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Annexed are replies to some of the remarks that have appeared in the Press.

I fully realized that my proposals would be commented on and criticized, I hoped that I was ignorant. I hoped that the battleship was still lord of the ocean, and that we were right in continuing to build them instead of submarines. I hoped that this would be ver)' clearly demonstrated by the man)- far more able men than.

Your obedient servant,

Percy Scott.

52, South Audley-street, Grosvenor-square, W., July 9, 1914.'

I. —The Torpedo in Real War.

(') In the Russo-Japanese War the damage done by the torpedo feil far short of reasonable expectation.—Lord Sydknham.

On the first evening after the declaration of war the Japanese, with torpdoes very inferior to those in use now, did sufficiënt damage to the Russian battleships to drive them into Port Arthur, and the menace of another torpedo attack prevented this fleet from again coming out of harbour at night.

II. —The InefBciency of Submarines.

(2) The submarine pcriscope is plainly visible at very great distances.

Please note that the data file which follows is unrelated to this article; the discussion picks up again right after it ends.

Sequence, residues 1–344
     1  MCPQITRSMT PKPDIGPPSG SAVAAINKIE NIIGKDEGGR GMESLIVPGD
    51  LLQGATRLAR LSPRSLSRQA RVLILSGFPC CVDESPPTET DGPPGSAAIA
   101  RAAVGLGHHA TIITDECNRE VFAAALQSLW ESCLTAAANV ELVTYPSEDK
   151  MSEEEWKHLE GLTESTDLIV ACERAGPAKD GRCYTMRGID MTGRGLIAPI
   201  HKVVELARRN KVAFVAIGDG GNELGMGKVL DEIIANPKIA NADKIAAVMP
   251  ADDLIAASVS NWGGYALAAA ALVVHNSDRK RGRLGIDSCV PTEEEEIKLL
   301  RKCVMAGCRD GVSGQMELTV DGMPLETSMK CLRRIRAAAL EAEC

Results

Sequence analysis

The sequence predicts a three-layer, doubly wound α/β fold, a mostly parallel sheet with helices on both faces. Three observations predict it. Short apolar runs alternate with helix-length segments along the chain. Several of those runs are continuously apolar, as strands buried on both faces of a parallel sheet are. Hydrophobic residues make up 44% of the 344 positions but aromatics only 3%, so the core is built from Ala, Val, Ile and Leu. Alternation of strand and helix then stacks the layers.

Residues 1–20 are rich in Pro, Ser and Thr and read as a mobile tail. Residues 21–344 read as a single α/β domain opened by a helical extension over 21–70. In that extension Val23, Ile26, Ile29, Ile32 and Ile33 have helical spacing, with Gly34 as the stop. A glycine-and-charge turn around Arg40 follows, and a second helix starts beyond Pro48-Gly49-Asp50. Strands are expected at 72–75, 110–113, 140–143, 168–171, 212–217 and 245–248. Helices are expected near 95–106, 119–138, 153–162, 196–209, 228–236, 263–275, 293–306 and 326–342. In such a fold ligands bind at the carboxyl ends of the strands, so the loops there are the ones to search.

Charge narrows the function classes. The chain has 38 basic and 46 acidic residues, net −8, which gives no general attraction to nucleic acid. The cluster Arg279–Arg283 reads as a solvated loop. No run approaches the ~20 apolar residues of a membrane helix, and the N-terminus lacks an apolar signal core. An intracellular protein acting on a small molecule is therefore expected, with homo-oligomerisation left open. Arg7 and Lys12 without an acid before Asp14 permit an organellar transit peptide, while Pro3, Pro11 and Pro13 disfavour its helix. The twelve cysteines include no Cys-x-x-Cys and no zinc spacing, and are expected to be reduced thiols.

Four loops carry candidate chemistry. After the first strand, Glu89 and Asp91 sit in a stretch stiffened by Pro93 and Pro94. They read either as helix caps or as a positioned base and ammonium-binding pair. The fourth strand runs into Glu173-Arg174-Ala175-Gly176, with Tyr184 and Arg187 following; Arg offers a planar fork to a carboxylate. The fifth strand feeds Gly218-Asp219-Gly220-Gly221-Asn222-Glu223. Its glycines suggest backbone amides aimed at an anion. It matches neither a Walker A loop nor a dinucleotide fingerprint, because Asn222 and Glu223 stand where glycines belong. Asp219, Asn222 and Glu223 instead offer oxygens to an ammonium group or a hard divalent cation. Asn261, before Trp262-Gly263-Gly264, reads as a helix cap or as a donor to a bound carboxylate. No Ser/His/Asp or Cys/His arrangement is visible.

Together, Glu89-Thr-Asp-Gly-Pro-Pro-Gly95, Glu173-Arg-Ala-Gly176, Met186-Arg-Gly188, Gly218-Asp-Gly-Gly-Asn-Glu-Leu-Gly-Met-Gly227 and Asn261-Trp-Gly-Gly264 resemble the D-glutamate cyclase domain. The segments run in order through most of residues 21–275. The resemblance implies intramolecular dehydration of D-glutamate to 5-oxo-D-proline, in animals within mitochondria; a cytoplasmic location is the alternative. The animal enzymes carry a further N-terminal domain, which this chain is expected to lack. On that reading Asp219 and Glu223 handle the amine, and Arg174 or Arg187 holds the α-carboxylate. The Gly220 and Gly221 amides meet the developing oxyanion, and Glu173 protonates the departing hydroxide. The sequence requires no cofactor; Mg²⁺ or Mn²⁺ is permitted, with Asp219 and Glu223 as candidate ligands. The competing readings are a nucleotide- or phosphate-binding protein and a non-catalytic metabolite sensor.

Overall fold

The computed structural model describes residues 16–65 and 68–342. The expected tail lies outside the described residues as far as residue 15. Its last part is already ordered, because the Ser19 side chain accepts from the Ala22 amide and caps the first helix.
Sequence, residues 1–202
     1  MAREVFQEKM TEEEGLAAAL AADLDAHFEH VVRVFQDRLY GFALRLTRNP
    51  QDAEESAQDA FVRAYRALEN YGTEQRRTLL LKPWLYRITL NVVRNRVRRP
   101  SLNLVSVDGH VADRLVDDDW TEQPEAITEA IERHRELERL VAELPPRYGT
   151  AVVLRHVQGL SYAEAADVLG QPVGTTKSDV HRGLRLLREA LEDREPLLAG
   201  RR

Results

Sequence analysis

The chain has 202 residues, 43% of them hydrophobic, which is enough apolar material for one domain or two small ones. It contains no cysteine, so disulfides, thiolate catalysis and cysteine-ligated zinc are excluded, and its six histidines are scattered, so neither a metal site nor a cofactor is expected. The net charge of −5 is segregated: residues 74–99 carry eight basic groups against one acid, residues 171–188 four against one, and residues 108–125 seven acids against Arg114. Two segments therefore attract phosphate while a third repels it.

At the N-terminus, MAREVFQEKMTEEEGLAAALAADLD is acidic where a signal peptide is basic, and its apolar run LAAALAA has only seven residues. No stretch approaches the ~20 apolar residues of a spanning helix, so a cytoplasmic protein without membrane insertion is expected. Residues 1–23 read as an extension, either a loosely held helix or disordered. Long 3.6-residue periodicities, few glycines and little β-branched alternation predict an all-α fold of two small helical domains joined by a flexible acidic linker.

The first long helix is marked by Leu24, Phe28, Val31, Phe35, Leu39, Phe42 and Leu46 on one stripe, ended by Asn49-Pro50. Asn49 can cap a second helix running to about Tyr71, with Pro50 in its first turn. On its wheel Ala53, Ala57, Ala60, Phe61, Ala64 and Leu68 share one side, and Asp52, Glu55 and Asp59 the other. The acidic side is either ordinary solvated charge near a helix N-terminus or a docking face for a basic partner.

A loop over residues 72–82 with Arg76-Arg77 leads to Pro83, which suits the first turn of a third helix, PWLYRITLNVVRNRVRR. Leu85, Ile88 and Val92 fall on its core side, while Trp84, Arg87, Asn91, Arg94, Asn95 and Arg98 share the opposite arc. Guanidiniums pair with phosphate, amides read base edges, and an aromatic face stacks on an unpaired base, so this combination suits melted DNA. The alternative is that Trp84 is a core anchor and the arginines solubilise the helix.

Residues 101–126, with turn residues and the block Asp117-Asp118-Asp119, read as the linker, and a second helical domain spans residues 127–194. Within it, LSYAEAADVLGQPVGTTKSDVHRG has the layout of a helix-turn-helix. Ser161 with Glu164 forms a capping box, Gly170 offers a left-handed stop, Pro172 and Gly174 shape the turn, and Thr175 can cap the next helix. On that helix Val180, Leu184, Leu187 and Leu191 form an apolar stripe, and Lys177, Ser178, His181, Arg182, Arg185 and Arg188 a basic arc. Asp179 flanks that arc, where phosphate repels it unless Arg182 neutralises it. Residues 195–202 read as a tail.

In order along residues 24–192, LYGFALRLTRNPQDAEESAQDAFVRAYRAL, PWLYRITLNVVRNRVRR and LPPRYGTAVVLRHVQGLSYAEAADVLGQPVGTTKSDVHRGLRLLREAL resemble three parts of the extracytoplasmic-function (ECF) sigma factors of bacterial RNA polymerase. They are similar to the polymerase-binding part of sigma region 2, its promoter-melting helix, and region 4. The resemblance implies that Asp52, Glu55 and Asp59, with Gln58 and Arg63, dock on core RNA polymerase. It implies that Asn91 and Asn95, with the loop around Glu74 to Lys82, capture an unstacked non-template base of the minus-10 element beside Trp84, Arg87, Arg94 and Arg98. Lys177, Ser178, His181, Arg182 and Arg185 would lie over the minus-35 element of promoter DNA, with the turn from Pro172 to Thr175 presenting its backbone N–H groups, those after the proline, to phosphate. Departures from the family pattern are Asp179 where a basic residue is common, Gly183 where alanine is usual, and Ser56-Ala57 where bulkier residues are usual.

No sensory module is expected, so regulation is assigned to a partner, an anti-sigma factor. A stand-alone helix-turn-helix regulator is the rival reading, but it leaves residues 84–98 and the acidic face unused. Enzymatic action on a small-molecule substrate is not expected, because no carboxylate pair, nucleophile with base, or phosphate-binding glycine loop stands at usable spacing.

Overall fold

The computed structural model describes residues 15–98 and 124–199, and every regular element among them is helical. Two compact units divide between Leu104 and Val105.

My experience is that even at a short distance it is very difficult to see the periscope of a submarine. The pcriscope is small and painted much the same colour as water.

"A Naval Officer" writes :—"During last .manoeuvres I was in a firstclass armoured cruiser in the North Sea. We had an idea that submarines were about, becausc several of our ships had been 'sunk' somewhere about where we had been the previous day. We consequently were keeping a particularly bright look-out for them. The day was ideal for our seeing them, nearly calm, and quite clear. To our dismay one came to the surface less than a hundred yards from us, and signallcd, 'I have fired two torpedoes into you, and claim you out of action.' ".

Submarines cannot find their prey at night.

A submarne lying on the surface at night would have no difficulty in seeing a battleship or any orthcr ship; the difficulty would be for ships to see the submarine.

(4) Submarine torpedo tubes being fixed, straight shooting with them is difficult.

The submarine modifics this defficulty by firing at such a short range that there is very little chancc of missing.

(5) Attacks by submarines upon ships lying in a defended harbour would in all probability entail disaster to the submarine.

As submarines can enter a harbour without being seen, I do not see why attacking the ships in the harbour should entail disaster only to the submarine, but if it does the loss of a few submarines is very small in comparison with the loss of a battleschip.